Hacking your way into angel impact investing with just US$10K

angel impact investing

Newsflash. You don’t need to be a millionaire to be an impact investor. There are all kinds of ways of investing your money today. You can invest in cryptos, buy NFTs, and you can, of course, invest in stocks. Still, in my experience, there is nothing like backing a company at the seed stage- especially when the company’s mission is to solve the world’s biggest challenges like clean water or clean air.

If you want to start angel impact investing, meaning backing companies that are solving today’s biggest challenges, you have so much choice today.

Following the journey of people who share your values and who have made it their mission to build a company from scratch is exciting and rewarding, and at the seed stage, you can make a difference with your capital.

Whether you want to back companies creating meat with almost no carbon footprint, capturing CO2 from the air, creating circular economy technologies or bringing affordable healthcare to the masses, you can become part of a new paradigm of ethical investing with as little as US$10,000.

When I was working for Techstars, one of the best technology accelerators in the world, I would overhear conversations between angel investors. As a consequence, I made three assumptions that were proven wrong in the last year:

  • I assumed that all investors were millionaires. I felt intimidated, assuming angel investing was something for the elite that I wouldn’t be able to do before becoming a millionaire myself.
  • I assumed I needed to know everything about business before becoming an investor, but all I needed was to develop expertise and a network in a sector I’m passionate about.
  • I also thought that it wasn’t possible to make money in ways aligned with my values of striving towards sustainability and equality.
  • I held on to the outdated assumption that making money and doing good in the world were mutually exclusive.

Also Read: COVID-19, the environment, and the tech ecosystem: what opportunity is available out there for us?

Helena Wasserman Eriksson

You can invest US$10K as opposed to US$25K in a startup

Typically, the smallest ticket size for an angel investor is US$25,000, but you can also back companies with US$10,000 or US$5,000 if you have something unique to bring to the table.

Ideally, you will want to build a portfolio of about 20 companies over five years, that’s four investments a year, a total of US$40,000 a year. This is so that you spread your risk and probability of returns.

If you’re wondering how to make this happen, you can reach out to accelerator programmes like Antler, Entrepreneur First or Techstars. You can also join networks of investors like Top Tier Impact (where I work), so you get access to quality deal flow.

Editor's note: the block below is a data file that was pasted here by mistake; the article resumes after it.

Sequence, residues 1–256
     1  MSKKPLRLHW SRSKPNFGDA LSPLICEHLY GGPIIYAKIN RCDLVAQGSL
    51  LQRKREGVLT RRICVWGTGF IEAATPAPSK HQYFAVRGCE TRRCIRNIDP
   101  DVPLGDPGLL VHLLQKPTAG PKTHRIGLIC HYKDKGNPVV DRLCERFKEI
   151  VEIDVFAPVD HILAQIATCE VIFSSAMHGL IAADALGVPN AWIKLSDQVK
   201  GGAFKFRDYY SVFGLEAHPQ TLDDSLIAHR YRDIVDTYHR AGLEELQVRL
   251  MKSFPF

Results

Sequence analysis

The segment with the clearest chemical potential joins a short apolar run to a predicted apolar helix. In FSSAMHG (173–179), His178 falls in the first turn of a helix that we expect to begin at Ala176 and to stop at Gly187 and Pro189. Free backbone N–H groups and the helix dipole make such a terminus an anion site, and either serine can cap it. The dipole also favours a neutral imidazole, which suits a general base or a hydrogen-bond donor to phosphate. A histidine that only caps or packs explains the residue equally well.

There are also numerous events where startups pitch. You communicate how much you want to invest. Agree on the terms of the investment and done!

Returns happen where the business you invested in either gets acquired or goes public. It’s usually a five-to-eight-year timeline, so in that sense, you need a long-term investment perspective.

The idea is to follow on on investments that are doing well in subsequent rounds.

My point here is that you can invest US$10,000 in a good business, and they will happily receive it, provided you bring something unique to the table; a good value proposition to founders, sector expertise or a relevant network.

It’s also okay to start with more minor tickets and do a more significant number of deals.

Also Read: Why is impact investing suddenly so hot?

You don’t need to be an expert in all sectors. Just pick one focus

So what do you bring to the table? You don’t need to be an expert in everything. For some angel investors, it’s money only. For others, it’s their time or the introductions they can facilitate.

  • Your network of potential advisors and investors is of vital interest to founders, and it can be formal or informal. I run an angel investor club called Stage 6, which opens the door to investment opportunities and gets investors to back companies on advantageous terms.
  • Exposure and expertise: My friend Berenice Magitretti is both a journalist and an angel investor in femtech. She brings in money as well as sector-specific expertise.
  • Localised knowledge and market trends: I have focused most of my angel investing on alternative protein because it made sense for me being based in Singapore, which is becoming one of the best ecosystems in the world for food technology.

Value alignment and adding value with your capital

In the last year, I have made three angel investments ranging between US$10 and US$25,000, two in funds and one in a startup. If you focus on one subsector, you will build expertise, and your due diligence will become easier and easier as you start to become knowledgeable.

So if you want to hack angel investing, think about the following: What can I bring to the table that would make my check ultra-valuable?

By focusing on alternatives to animal protein such as plant-based, cell-based and fermentation technologies, I am backing alternatives to the broken industrial agriculture system.

Investing as an angel impact investor is making a difference because that is the hardest capital to raise.

Also read: A wave of change: What sets impact investing apart from traditional investing

If you want to make a difference with your money, invest in companies pre-IPO that are tackling the world’s biggest challenges. Once a company is public and you buy shares, there is a lot of capital available.

Once you have started, you will quickly see that the real challenge is finding good companies to back, and you achieve that by building trusted relationships.

Editor’s note: e27 aims to foster thought leadership by publishing views from the community. Share your opinion by submitting an article, video, podcast, or infographic.

Join our e27 Telegram group, FB community, or like the e27 Facebook page

Image credit: lennonphoto

The post Hacking your way into angel impact investing with just US$10K appeared first on e27.